We have demonstrated a suppression of ras oncogene induced transformation of NIH3T3 cells by several protease inhibitors, including antipain. We propose to investigate cellular and molecular mechanisms responsible for this activity of protease inhibitors. These studies will include reconstitution and other experiments to evaluate the role of growth conditions and cellular interactions in transformation suppression. We will test the hypothesis that the action of protease inhibitors is related to effects on endogenous oncogene expression, and determine whether the expression or incorporation of the transfected gene is affected by these agents. New techniques such as polymerase chain reaction will be employed to examine these parameters in the fraction of cells that have undergone stable transfection. Both sustained and transient alterations in gene expression will be measured. We will expand our initial studies to examine the effects of protease inhibitors on cell transformation induced by enhanced expression of proto-ras, as well as the NIH3T3 transforming genes neu, raf, met, and hst. We will also use alternative cell systems such as C3H/10T 1/2 and primary rat embryo fibroblasts to determine whether protease inhibitor suppression of transformation by oncogenes can be observed in cell types less sensitive to ras than NIH3T3. These experiments will provide important mechanistic information, and will define the generality of our initial findings. Finally, we will test other protease inhibitors such as Bowman-Birk inhibitor and potato inhibitor to develop an activity spectrum of protease inhibitors in this assay. It is anticipated that the experiments described in this application will provide important information regarding the mechanisms of action of an important class of anti-carcinogens - the protease inhibitors - at a molecular level using a defined target gene. Increased knowledge of oncogene transformation pathways, and development of a useful assay for the anti-neoplastic activity of protease inhibitors and other agents, are also likely to come from this research.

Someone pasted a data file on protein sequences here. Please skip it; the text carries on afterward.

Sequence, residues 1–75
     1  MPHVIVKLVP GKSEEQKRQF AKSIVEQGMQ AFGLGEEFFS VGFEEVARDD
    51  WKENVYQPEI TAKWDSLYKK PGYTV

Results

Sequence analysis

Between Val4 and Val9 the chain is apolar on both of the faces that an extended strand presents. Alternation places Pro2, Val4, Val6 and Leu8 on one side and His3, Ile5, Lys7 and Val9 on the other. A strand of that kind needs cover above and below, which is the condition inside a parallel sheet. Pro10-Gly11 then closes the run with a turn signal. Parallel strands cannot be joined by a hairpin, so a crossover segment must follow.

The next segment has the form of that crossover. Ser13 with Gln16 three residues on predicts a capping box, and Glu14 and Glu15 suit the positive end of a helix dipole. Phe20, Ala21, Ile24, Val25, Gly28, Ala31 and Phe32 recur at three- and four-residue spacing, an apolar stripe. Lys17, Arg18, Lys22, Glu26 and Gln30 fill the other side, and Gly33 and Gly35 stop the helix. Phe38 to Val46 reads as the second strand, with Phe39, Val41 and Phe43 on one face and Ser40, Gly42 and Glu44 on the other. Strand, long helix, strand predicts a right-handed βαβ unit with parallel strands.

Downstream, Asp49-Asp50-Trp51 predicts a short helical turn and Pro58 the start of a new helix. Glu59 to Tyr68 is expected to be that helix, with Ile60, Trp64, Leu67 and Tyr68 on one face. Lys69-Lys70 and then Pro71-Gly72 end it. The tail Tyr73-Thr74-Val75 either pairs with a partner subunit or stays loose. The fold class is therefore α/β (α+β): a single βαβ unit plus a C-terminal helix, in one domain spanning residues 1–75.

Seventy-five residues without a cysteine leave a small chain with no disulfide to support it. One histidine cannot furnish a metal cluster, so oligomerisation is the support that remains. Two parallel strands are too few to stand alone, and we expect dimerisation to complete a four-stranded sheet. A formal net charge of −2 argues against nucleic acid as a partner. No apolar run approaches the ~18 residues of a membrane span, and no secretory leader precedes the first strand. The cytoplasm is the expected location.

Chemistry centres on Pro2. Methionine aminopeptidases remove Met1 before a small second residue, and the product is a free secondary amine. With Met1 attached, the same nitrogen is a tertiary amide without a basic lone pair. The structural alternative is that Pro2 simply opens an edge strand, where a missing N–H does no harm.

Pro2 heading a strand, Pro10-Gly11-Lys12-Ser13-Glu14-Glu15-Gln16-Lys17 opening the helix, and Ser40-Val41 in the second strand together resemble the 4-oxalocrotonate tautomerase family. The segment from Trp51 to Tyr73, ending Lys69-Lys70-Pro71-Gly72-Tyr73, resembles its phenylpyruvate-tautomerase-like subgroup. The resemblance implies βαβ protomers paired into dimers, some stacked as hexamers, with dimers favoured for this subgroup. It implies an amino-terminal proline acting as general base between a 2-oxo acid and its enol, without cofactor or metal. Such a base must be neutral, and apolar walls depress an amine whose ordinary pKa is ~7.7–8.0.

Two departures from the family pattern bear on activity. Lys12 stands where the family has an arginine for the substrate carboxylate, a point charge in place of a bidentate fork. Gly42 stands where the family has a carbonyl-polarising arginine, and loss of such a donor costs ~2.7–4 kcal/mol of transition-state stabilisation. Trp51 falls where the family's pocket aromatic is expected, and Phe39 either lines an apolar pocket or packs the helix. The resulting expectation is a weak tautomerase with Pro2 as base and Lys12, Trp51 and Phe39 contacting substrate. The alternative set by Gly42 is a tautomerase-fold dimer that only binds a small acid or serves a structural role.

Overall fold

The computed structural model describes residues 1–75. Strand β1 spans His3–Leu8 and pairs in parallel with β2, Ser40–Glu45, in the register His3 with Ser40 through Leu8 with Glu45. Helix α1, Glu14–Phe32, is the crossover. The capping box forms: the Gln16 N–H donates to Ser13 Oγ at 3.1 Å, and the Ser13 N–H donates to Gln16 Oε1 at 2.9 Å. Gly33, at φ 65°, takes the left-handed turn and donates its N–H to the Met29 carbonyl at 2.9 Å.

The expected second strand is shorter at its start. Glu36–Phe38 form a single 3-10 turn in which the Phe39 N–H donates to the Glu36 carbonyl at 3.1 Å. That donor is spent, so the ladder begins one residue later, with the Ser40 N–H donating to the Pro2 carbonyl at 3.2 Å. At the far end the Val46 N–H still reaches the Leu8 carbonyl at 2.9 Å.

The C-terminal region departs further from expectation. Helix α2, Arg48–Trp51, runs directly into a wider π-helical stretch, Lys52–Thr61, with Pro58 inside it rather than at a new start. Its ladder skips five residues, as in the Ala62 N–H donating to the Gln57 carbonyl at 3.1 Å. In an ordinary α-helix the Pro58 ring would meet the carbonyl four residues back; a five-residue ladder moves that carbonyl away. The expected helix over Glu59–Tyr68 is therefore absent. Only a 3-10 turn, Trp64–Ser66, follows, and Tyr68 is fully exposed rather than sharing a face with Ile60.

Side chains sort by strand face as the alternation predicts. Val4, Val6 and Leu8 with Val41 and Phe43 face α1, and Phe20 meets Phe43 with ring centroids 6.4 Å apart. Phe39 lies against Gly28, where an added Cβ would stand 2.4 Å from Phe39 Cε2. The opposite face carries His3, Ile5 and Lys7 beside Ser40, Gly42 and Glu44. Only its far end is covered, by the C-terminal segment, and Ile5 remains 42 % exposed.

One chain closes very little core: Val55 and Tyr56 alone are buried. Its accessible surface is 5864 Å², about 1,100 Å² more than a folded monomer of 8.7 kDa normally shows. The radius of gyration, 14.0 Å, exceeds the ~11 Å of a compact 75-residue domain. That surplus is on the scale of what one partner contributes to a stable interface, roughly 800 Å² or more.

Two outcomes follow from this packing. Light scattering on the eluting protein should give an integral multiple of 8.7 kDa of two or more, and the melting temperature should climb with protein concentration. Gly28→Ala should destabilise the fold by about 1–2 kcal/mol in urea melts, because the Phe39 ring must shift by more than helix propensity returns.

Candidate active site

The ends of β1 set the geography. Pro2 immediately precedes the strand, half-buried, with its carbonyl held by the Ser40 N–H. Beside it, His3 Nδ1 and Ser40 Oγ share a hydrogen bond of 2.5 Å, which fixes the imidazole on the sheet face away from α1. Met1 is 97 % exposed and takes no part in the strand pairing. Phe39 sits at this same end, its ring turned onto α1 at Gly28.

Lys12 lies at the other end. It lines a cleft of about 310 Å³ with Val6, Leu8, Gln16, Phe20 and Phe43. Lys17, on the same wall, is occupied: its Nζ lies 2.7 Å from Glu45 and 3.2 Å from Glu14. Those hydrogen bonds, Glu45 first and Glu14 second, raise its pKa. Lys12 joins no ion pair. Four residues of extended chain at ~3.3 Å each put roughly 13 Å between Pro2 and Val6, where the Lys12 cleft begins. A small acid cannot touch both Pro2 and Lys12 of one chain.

National Institute of Health (NIH)
National Cancer Institute (NCI)
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Special Emphasis Panel (SRC (52))
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New York University
Schools of Medicine
New York
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